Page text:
However, the film is good watching and a nice story if you’re looking for something not too heavy, yet not too light some evening when you just wanna sit back with a bowl of popcorn and get lost in something.


Perfectly faultless picture here. Made last year, this has no artefacts I could see and is delivered in the full 2.35:1 cinema ratio with 16:9 enhancement. Some beautiful opening photography of Cleveland wheat fields and massive battleships sailing through the harbour make full use of the aspect ratio.

There is really nothing to fault here, as the shadow detail is fine, blacks are natural and flesh tones are even and realistic. Top hole stuff that earns its ten yellow spots.


The first thing we hear from this film is its unusual score. The music is nice, eerie, moody, melodic or topical whenever needed and isn’t afraid to experiment a little to get its feeling across. Attributed to Nicholas Dodd, he has created a really inventive work here that goes a long way toward helping the film’s eerier flashbacks and dream sequences.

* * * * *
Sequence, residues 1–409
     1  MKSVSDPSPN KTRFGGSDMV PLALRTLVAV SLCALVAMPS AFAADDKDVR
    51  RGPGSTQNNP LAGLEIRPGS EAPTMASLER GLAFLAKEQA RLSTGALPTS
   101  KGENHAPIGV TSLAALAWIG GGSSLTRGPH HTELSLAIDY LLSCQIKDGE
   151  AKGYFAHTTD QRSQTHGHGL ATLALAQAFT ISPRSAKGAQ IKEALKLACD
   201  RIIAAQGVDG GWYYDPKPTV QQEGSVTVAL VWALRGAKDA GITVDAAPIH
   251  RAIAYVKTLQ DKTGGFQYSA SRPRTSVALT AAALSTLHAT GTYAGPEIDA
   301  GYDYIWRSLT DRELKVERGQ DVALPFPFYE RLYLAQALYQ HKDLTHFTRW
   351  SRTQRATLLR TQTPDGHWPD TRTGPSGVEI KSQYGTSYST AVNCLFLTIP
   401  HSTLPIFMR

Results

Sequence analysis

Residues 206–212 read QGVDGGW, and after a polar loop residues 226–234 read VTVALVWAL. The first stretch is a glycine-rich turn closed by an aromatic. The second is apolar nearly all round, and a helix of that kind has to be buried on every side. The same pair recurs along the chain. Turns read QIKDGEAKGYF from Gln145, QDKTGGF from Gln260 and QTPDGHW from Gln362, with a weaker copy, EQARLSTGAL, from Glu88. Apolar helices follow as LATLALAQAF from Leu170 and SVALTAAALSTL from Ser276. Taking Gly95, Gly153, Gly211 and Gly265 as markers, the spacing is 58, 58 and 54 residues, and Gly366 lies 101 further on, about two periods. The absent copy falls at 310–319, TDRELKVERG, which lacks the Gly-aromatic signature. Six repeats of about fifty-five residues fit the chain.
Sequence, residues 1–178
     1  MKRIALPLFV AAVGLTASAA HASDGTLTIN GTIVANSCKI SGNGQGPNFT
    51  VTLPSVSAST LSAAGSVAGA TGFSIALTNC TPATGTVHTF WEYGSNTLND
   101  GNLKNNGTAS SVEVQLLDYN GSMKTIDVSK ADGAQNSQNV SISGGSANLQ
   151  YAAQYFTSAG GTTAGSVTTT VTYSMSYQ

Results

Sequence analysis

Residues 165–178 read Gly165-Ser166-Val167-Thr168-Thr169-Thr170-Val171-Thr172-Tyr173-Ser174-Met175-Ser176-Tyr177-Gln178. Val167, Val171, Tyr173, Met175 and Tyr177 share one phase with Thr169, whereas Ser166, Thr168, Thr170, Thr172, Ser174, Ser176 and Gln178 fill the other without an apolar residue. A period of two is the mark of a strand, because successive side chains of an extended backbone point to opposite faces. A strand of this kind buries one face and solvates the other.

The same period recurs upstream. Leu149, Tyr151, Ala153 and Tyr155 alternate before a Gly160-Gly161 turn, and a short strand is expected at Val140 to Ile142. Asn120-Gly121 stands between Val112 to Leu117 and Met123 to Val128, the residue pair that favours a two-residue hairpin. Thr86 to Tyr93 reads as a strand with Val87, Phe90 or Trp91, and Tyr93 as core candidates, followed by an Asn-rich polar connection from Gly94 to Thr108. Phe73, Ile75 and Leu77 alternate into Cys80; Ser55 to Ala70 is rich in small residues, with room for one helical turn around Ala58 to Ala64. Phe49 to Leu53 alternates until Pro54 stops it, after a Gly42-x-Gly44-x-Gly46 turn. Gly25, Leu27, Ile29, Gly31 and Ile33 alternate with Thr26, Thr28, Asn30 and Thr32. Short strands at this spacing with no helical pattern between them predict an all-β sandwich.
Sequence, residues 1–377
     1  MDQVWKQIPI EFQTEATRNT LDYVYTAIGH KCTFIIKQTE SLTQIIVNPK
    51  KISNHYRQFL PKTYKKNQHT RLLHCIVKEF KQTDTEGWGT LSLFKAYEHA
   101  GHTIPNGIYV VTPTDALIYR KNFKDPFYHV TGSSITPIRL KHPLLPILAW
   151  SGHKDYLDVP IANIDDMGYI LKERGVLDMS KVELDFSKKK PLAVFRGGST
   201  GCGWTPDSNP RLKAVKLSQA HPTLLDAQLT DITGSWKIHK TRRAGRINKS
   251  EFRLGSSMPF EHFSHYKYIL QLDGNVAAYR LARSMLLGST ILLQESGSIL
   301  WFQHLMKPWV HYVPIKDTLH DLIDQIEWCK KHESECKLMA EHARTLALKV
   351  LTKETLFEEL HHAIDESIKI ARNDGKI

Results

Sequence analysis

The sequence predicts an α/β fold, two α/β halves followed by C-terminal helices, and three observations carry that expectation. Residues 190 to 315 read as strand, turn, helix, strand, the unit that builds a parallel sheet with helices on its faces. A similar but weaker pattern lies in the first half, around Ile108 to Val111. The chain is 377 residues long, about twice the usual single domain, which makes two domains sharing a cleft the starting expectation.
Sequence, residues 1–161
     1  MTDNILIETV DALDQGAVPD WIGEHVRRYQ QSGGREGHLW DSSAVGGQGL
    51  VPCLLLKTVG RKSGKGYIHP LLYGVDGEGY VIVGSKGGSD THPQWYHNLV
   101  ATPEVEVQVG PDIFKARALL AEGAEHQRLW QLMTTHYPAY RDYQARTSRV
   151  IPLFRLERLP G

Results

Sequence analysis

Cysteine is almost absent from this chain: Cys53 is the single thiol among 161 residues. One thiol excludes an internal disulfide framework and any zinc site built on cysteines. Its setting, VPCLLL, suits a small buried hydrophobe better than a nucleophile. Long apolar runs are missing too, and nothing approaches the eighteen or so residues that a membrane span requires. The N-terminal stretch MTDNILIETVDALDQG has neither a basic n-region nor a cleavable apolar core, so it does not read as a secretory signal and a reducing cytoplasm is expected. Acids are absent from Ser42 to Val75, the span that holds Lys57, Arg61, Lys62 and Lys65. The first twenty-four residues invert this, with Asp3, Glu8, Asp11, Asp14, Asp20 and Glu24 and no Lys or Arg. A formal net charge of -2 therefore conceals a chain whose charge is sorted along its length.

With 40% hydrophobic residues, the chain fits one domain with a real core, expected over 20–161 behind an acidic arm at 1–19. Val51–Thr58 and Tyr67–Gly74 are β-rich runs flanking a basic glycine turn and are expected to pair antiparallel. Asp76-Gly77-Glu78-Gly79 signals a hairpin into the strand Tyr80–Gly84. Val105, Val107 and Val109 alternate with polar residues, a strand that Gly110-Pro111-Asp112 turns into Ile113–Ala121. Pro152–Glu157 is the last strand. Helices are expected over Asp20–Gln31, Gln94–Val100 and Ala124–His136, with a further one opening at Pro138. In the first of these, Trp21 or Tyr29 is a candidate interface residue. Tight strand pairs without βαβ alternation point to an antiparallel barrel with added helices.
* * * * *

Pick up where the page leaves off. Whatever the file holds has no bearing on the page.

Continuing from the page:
Dialogue is all fine, although once or twice I had trouble working out sporadic words. This isn’t anything major though and doesn’t really affect the story. What sound effects are used are well synched and subtle and there are no problems with them. The sound here is delivered in Dolby Surround 5.1 and it doesn’t really get much to do by way of surround activity and could just as easily been granted in 2.0 for the same basic effect.


The animated menus are truly beautiful here and while we don’t get a lot of extras, we do get some interesting material nonetheless. An Audio commentary with director Denzel and producer Todd Black is worth the listen and features the two of them having a bit of a laugh while telling us the backstories of the set, the shoot and the budget woes. They repeat themselves a little occasionally, in regards to further extras, but this is forgivable, as they are quite fun to listen to.